Footing the bill

The price to plug oil and gas wells goes up as the industry goes down

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For years, environmentalists have raised concerns that oil and gas companies were going to leave communities on the hook for the billions of dollars it will cost to plug abandoned wells.

Now, new research from the nonprofit Carbon Tracker (released June 18) indicates the cost to plug wells in Colorado and beyond could cost as much as 10-15 times what was expected.

“Costs are going to be greater than the industry is saying,” says Robert Schuwerk, Carbon Tracker executive director of North America.

With COVID-19 and global oil market fluctuations, tens of thousands of wells have been shut in this year alone. Industry members have claimed the drop in production is temporary, but Schuwerk says when one also factors in the continued push toward renewable energy, “It’s quite possible that we would’ve seen peak oil demand in 2019. It’s already in the rearview mirror.”

That’s a problem for covering the cost of capping abandoned wells, which oil and gas companies are required to do when a well is no longer producing in order to mitigate environmental impacts. The concern has always been that taxpayers will foot the bill instead of the companies that profited from drilling the wells. 

Carbon Tracker’s report, titled “It’s Closing Time,” found that the nationwide oil and gas industry “may not have sufficient revenues and savings to satisfy liabilities for hundreds of billions of dollars … as they come due.” 

That’s because states, including Colorado, didn’t set bond rates high enough to ensure there was enough money to cap the wells. Horizontal wells and deeper wells will cost as much as $300,000 per well to cap, as opposed to the earlier assumption of $20,000-$40,000 per well.

And the recent downturn in the market has only accelerated the problem. That’s because there was a fundamental flaw in the way oil and gas companies viewed paying for these obligations: they thought they could make up for it with future revenue. But when the certainty of future revenue is thrown into doubt, so too does the funding source for cleaning up the industry’s messes.

“If we all decided to start saving for retirement at 60, we’re not going to be able to make up all that lost time,” Schuwerk says. “The problem is not as manageable as if we’d started when we had that first job.” 

The report highlights other systemic problems within the oil and gas industry that have exacerbated the issue. 

First, there’s a profit motive for oil and gas companies to sell low-producing wells (called stripper wells) to smaller companies, thus passing the buck for capping those wells when (and if ever) they run dry. Schuwerk says because there’s no penalty for this, or for selling to companies with low credit, companies realize they “can sell it on to some other operator and go bankrupt.”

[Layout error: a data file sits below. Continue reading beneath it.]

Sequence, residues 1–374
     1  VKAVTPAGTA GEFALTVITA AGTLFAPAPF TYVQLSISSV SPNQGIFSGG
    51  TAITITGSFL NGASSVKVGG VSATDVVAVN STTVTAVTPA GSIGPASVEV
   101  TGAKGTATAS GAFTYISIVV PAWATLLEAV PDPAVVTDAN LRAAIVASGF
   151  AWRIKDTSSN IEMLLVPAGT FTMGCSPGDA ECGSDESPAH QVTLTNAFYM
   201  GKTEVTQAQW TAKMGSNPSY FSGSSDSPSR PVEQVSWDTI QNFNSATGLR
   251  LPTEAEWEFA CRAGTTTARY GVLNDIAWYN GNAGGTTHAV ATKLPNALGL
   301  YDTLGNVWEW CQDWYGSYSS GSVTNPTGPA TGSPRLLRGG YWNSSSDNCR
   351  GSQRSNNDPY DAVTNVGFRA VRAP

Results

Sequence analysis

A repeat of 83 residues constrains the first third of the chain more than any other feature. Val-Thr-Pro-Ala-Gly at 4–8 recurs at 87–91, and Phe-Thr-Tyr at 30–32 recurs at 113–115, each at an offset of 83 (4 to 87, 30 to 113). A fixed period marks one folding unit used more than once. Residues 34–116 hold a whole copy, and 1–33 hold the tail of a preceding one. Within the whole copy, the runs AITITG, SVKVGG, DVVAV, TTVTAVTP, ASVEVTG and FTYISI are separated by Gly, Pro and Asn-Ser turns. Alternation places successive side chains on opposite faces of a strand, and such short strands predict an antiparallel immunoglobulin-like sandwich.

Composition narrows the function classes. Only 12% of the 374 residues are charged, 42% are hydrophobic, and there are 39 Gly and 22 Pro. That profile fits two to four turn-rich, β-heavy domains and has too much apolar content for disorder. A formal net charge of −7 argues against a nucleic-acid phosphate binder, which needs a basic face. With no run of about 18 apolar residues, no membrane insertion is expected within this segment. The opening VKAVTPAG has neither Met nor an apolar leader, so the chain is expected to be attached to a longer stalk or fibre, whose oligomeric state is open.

(Denver-based Extraction Oil & Gas was the latest industry company to file for bankruptcy on June 15.)

The second systemic issue is the concept of “zombie” wells: idle wells that sit, sometimes for decades, unused or little used, but that are not required to be permanently retired. Thus, companies are disincentivized to spend the money to cap the wells, and the report indicates the number of these wells has “ballooned.”

“Some of these wells that are not economic to continue to produce from will continue to produce just to delay closure,” Schuwerk says. “It probably is economically rational. … You want to delay [well retirement] as long as you can.”

And, of course, there’s an environmental impact for uncapped wells. If a well is not properly plugged (or a plugged well isn’t serviced over time), it can release methane. EPA data indicates millions of abandoned and improperly plugged oil and gas wells across the U.S. are releasing massive amounts of methane into the atmosphere.

There are also ground-level issues with not capping wells — air and water can be contaminated. That fact, combined with the stark financial realities outlined in this report and others, could actually encourage lawmakers and community members to coalesce around a solution.

“There are increasingly more policy makers and officials at the state level that see the writing is on the wall and know that this is not going to be the same as it always was,” Schuwerk says. “And it’s not just the politicians, it’s the landowners, the ones who live next to it, the ones with wells on their land that are not producing any more except for toxic fumes.” 

Schuwerk recommends new wells be bonded at the rate it’s actually going to cost to cap them — that’s common sense, and “it just needs to be implemented.” Regulators can do more to disincentivize abandoned and stripper wells, and implement an increase in bonding to wells that are currently producing, Schuwerk says.

Building political support to enact those changes will be a challenge, but there is momentum via the growth of the renewable energy sector and support for environmental action as seen in the Paris Climate Accords. But ultimately, Schuwerk says, there is a powerful financial motive to bring bonds up and otherwise ensure oil and gas companies pay for capping wells.

“The states that have bonding in place are going to get paid out of those bonds,” he says, “and the states that don’t will get nothing.”    

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